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When investing in content marketing, there’s a fine line to be walked. You need to satisfy your readers while simultaneously pleasing the picky search engines. This becomes exponentially more difficult when you’re attempting to rank for targeted keywords. However, don’t fret. It’s possible to satisfy both human readers and search engines and develop killer content around specific keywords.

Why Content Should be Built Around Keywords

With ever changing algorithms and new search engine trends, people often ask why content should be built around targeted keywords. Well, quite honestly, there isn’t a single answer to this question – there are many.

According to SEMRocket, an internet marketing campaign builder, “Keywords can result in high volume traffic to your website, help you target a specific niche and can even help you elude your competition.”

And while the way in which you incorporate keywords in your content may change over time, the value behind those search terms likely won’t. Here are few of the reasons why you should be crafting content around keywords:

Searchers ask questions

According to John Wiley, the lead designer for Google Search, the powerful search engine is asked millions of questions each day. Even more telling is that around 15 percent of all queries per day – which was about 500 million in 2013 – have never been seen by Google before. In a mad scramble for accurate information, the search engine then crawls the web for valuable answer to those questions. How does it find answers? Relevant keywords.

Keywords build authority

By targeting a specific group of keywords, you end up building a substantial amount of content focused on a particular subject matter. If you’ve taken the time to write quality content, you’ll naturally be seen as a thought leader in this area and both human searchers and search engines will take notice.

Long tail keywords are unique

If you compete in a crowded market, odds are pretty good that basic industry keywords are already owned by major brands. But that’s where long tail keywords come into effect. They allow you to carve out a niche and attract highly engaged searchers.

How to Find and Select Your Keywords

It’s a question brands ask all the time: How do I find valuable, relevant keywords? While it takes time and effort, there are a bunch of online tools and resources to simplify the process.

Options include Social Mention, WordTracker and hundreds of others. These tools allow you to see the volume of search, where your pages currently rank for those keywords and where there’s room for improvement. Google’s Keyword Planner even suggests new keywords for your consideration.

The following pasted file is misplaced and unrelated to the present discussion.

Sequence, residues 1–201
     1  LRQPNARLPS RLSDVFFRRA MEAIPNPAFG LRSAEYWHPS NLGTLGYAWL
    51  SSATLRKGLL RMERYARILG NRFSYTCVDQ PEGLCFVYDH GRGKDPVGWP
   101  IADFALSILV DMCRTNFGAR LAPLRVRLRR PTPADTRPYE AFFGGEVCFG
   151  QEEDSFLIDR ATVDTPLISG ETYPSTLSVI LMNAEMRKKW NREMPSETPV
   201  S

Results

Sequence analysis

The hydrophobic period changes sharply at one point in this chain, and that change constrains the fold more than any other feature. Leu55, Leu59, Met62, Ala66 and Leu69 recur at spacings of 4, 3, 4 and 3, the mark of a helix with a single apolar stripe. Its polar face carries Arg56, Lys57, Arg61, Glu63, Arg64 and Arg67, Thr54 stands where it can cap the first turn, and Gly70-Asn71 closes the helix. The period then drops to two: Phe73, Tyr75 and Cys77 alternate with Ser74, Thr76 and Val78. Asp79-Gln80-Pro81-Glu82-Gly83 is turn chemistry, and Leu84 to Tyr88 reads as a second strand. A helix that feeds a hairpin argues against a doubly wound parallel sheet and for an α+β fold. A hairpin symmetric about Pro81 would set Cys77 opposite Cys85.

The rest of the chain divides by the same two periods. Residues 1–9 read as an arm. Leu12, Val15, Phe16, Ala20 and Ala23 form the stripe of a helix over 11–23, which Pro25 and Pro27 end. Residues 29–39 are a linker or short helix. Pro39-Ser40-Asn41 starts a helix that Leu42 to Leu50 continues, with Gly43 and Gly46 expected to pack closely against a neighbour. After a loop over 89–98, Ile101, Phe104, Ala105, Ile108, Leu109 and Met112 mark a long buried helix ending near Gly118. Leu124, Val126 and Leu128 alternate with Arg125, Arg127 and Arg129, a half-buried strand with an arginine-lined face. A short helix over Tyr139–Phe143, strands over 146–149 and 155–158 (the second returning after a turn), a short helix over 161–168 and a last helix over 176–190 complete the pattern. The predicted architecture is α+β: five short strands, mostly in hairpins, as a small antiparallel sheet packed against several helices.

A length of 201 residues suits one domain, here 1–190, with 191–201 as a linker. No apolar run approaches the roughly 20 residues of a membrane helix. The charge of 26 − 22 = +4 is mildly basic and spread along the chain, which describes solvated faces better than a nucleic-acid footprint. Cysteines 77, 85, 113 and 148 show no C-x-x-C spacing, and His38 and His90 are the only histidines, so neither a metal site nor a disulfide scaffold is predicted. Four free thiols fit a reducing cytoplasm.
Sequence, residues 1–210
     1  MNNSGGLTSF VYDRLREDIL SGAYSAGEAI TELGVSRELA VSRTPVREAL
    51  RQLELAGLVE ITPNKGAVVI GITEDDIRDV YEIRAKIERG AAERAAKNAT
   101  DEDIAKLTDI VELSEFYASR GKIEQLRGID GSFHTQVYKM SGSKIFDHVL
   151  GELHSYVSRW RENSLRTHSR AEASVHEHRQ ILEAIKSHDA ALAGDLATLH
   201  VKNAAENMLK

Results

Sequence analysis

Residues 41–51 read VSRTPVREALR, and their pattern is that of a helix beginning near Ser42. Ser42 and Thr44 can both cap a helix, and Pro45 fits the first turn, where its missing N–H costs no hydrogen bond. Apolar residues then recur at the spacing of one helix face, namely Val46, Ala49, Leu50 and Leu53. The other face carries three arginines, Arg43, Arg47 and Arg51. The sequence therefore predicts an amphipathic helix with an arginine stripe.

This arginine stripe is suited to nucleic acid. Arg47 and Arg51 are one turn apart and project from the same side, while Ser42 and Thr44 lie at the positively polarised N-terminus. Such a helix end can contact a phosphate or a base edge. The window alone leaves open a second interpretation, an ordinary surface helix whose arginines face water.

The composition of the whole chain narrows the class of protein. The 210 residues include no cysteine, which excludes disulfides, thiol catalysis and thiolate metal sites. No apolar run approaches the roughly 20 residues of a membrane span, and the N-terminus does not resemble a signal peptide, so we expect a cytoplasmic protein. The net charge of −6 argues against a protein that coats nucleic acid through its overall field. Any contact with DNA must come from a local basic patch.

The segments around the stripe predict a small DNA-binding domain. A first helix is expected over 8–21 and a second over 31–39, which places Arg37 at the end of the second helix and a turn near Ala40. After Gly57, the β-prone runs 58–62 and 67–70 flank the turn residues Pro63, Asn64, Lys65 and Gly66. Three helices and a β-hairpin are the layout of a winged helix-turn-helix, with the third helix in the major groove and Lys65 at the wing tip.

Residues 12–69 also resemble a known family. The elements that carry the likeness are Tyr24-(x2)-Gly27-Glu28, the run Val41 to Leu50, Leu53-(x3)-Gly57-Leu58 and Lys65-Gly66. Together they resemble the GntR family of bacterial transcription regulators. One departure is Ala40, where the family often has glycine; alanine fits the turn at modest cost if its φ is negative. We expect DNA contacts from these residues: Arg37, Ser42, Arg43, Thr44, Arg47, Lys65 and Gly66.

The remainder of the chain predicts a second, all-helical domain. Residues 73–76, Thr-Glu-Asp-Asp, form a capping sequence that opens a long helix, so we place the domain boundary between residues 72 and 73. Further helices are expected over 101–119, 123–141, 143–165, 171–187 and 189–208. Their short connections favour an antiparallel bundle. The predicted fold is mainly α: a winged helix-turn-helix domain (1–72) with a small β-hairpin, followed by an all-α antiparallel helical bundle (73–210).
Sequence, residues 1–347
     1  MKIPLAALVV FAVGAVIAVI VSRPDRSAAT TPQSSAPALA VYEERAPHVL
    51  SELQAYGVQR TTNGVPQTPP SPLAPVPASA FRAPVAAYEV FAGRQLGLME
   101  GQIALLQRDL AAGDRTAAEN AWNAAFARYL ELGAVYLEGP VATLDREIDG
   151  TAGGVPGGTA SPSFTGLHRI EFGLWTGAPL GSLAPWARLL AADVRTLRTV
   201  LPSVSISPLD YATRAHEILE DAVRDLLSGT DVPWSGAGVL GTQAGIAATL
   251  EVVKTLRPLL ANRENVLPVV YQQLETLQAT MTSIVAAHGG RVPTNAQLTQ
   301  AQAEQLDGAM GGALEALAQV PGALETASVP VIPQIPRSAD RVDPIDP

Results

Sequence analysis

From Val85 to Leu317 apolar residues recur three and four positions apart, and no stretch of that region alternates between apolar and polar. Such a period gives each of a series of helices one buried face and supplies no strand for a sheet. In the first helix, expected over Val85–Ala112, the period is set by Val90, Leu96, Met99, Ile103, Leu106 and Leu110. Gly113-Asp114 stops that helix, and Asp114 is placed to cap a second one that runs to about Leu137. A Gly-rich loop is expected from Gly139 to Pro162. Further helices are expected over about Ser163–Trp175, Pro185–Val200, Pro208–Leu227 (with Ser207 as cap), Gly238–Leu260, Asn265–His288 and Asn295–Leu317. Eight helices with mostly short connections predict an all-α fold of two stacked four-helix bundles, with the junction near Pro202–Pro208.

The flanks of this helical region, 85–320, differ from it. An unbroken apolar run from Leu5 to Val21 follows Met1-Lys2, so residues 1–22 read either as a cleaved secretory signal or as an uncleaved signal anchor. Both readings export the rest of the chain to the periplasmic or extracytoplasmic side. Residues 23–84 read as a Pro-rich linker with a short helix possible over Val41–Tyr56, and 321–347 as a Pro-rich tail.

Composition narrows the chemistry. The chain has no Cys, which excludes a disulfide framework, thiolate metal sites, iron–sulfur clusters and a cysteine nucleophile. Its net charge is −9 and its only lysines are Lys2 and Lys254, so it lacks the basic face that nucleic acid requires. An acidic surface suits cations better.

The Differences Between Good Writing and Keyword Stuffing

Don’t confuse selecting keywords with good writing, though. Choosing the correct keywords is only half of the equation.

After honing in on relevant search terms, it’s then up to you and your team to craft superior content. It’s at this point that you’ll want to ensure you have a firm grasp on the difference between good writing and keyword stuffing. The latter will do you no favors, while the former will make your content appealing to the various search engines.

Here are a few things to consider:

  • Good copywriting has a purpose, while keyword stuffing appears disheveled and aimless. As a rule of thumb, you should always write for the reader first, then the search engine. If it doesn’t sound natural to human ears, it isn’t world-class copywriting.
  • When a reader sees your link listed in the search results and clicks on it, do they find what they thought they would? In other words, does the content align with the title? If not, you’ll end up with a high bounce rate and poor ranking.
  • Keyword density refers to the percentage of your content – in words – that are keywords. If this number is higher than two to four percent, you’re likely stuffing. For a 500-word article or post, keep total keywords around 10 or 15.

Get Started Today

The good news is that there are plenty of options for companies looking to craft killer content around targeted keywords. You don’t have to be a great writer to get started. There are tons of resources both online and offline designed to connect you with professional copywriters and skilled marketers. However, whenever you hire a new writer, always remember that they’re an extension of your brand. You should feel comfortable letting them serve as your preferred method of communication and always need to double-check everything they write prior to publishing.

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